In a nod to our recently hax0red Tamara Mellon, OC strapped on a pair of four-inch black leather Jimmy Choo stilettos and built the outfit around our martyred, well-heeled saint of cranky (ex)-husbands: my B-fly vintage Levi's 505s, pale tan Chloe ruffle blouse and a sheer RL tan tank underneath, a Chloe black Paddington for the swag, and a Rogan lightweight cashmere black cardigan for the chills (didn’t need it...i'm so hardcore rawr).
First of all, if you missed the show and are (luckily) in Italy, the performance will be rebroadcast on La7 Sunday, May 13.
The auditorium was less full than it was for the night of Gergiev only a week ago, but again that confusing “sold-out” message glared in red on the front placards. hmmmm.
Bobby McFerrin was looking almost as elegant as Opera Chic (but not quite) in a black suit, the jacket which he later removed, revealing a black t-shirt underneath. The man stormed on stage, stepping lightly, radiating his joviality and excitement, twirling and bouncing the baton in his hands.
When you go to a show with McFerrin leading the orchestra, you know you are in for a different type of entertainment, so it’s really unfair to judge the actual conducting dexterity and to hold him up to Giulini or Abbado. That’s why I’ll say nothing specific about his Candide, or how he managed to transport the overture to that of the exact sound coming from a high school marching band. It was, um…dare I say...incredible?!
Fauré’s Pavane opus 50 was next up. McFerrin put the baton behind his ear, picked-up a microphone, and stamped his imprint of the next hour of the concert. Using his voice as an instrument, he implemented his spirito musicale as part of the composition, form of a capella singing. At times it didn’t work, and was as incongruent as Glenn Gould’s humming. But mostly it did, and the arch of his voice intertwined deftly with the instruments he was conducting. He continued this device for the next piece, the Vivaldi Concerto for two cellos in G Minor, and voiced over the stings in harmony with Laffranchini's cello solo.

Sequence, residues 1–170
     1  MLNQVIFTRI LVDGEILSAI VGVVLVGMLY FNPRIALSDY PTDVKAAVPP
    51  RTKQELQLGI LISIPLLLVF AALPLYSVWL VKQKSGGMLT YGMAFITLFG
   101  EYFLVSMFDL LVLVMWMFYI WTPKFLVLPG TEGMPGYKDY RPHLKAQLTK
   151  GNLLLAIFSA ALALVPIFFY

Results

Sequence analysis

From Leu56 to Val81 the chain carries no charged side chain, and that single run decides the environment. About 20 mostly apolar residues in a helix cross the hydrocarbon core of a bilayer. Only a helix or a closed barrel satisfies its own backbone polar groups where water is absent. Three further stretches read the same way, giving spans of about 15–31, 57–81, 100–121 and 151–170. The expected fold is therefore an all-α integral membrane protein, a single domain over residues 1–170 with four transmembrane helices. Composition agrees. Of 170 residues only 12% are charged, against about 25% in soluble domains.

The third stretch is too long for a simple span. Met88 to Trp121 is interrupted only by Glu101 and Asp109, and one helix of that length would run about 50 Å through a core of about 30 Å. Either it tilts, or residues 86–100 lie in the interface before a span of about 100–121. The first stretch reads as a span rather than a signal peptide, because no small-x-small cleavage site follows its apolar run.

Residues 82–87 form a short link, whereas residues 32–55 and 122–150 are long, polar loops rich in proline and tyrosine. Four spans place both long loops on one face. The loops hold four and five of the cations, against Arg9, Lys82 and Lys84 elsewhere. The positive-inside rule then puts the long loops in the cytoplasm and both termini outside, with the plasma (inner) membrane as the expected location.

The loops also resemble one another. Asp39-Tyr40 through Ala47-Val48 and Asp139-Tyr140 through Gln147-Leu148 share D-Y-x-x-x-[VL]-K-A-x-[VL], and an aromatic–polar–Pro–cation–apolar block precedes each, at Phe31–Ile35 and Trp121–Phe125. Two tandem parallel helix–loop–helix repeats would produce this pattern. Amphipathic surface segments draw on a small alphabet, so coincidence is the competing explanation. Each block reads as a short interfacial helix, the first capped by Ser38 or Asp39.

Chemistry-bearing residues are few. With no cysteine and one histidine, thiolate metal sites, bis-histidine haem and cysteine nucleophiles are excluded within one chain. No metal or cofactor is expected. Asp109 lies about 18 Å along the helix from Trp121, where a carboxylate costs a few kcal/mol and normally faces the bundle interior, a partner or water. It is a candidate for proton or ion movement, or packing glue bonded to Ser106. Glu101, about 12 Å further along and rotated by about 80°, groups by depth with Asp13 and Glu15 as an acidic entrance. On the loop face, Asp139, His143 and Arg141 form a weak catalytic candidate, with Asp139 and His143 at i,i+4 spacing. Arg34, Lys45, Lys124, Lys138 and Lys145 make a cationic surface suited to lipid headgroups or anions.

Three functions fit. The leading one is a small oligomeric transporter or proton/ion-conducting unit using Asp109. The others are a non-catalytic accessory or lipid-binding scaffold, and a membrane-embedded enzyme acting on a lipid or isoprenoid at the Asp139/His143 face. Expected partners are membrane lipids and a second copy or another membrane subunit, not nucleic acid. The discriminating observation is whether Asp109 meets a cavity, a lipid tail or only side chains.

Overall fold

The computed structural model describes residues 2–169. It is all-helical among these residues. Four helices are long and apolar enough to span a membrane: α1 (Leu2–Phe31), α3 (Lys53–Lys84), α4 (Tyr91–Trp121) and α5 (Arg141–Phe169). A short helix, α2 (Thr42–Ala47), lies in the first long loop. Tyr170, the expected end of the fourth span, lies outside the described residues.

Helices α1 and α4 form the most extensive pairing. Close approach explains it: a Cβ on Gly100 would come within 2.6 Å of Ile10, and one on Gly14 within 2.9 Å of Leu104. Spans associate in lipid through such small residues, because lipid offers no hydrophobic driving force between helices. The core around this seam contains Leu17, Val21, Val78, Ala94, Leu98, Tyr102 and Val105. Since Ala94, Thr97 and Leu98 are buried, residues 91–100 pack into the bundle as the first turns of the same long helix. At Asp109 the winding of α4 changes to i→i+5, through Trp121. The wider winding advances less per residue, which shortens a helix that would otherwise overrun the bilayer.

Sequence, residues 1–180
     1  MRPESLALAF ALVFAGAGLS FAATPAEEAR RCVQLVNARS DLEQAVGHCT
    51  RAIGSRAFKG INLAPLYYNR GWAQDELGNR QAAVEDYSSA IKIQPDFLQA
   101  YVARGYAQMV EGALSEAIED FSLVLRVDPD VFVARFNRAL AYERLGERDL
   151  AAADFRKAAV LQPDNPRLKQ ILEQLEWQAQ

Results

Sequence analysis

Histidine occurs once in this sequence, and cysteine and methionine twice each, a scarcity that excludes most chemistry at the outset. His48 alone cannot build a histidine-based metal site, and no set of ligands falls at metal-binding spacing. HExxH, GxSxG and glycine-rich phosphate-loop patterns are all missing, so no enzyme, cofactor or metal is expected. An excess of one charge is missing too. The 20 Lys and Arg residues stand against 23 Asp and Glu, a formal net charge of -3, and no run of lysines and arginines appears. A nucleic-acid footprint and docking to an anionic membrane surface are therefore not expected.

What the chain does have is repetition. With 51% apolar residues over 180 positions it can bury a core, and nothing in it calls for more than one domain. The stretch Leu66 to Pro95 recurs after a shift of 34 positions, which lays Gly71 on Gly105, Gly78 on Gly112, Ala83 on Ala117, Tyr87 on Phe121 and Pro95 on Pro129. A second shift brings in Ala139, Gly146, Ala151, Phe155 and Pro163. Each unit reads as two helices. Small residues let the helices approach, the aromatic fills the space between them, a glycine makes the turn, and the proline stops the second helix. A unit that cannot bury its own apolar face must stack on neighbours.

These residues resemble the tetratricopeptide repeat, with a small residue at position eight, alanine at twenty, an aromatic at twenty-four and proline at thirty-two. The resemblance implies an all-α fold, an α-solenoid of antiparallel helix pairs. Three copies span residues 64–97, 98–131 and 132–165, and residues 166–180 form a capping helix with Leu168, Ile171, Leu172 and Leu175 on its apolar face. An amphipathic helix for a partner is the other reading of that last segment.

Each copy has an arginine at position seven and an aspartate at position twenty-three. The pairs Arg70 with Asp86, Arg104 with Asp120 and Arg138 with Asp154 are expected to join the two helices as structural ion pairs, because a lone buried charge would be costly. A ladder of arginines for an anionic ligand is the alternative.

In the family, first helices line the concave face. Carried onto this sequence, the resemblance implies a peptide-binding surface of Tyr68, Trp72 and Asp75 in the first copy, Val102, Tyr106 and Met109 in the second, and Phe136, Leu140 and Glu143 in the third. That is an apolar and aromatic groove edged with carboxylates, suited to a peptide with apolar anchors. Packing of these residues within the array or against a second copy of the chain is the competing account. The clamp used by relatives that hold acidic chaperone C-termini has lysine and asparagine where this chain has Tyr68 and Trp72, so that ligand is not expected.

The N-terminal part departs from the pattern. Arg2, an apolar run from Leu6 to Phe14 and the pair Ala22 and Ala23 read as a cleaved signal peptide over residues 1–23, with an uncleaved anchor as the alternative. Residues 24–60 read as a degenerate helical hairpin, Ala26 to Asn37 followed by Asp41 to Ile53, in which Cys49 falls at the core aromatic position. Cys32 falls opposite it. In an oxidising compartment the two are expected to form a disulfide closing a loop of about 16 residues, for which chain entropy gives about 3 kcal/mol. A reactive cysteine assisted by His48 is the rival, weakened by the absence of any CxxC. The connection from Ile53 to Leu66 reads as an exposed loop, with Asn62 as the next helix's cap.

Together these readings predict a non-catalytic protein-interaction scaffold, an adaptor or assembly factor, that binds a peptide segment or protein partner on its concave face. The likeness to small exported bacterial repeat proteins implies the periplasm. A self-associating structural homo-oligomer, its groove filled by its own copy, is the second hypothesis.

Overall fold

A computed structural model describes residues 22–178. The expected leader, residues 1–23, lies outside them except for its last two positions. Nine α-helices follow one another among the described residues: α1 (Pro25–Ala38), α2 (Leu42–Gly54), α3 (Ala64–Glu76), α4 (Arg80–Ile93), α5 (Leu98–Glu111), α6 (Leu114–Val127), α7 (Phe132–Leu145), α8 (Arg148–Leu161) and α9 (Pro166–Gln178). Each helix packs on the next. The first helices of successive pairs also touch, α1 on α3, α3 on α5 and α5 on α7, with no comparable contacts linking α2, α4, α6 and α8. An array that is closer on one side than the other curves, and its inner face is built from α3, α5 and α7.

Between sets, McFerrin was jovial, loquacious, and engaging. He would interact with the audience via microphone, toasting his glass of water in honor of the crowds, and making his very distinctly McFerrin noises in small freestyles…like a musical Hightower. omg who didn’t love Hightower?!!
After the Vivaldi, he launched into about six or seven songs, all enacted with his voice alone as the instrument. Save one, which was a jazz ensemble, between a snare drum and a double bass played pizzicato where McFerrin “played” HA HA GET IT the trumpet. Most other pieces were done in his patented style of singing over his own beat-boxing. He also did a sweet little sing-a-long where he split the audience stage right from stage left, and made them his little puppets, signaling cues during his song.
The audience loved it, and that’s really all that mattered tonight. After la pausa, Mendelssohn’s Symphony 4, Opus 90 wasn't conducted as horribly as the Candide piece would have foreshadowed. As an encore, he did a passage from one of Vivaldi’s Four Seasons, wwinter sprang simmer phall whatevs. It was sweet. In a hilarious interview with Corriere della Sera, he explained how his favorite composer is "Joe Green" (aka Giuseppe Verdi) and he'd really like to conduct Rigoletto some day (!!!???).
I was on the line with this one, not sure if I should waste a Monday night stuck inside Piermarini or out enjoying the mild early summer night…but I’m glad I choose the former and dissed my friends with the latter. La Scala chilled the f**k out tonight, and Milan is all the better for not taking itself too seriously. For once. GAWD.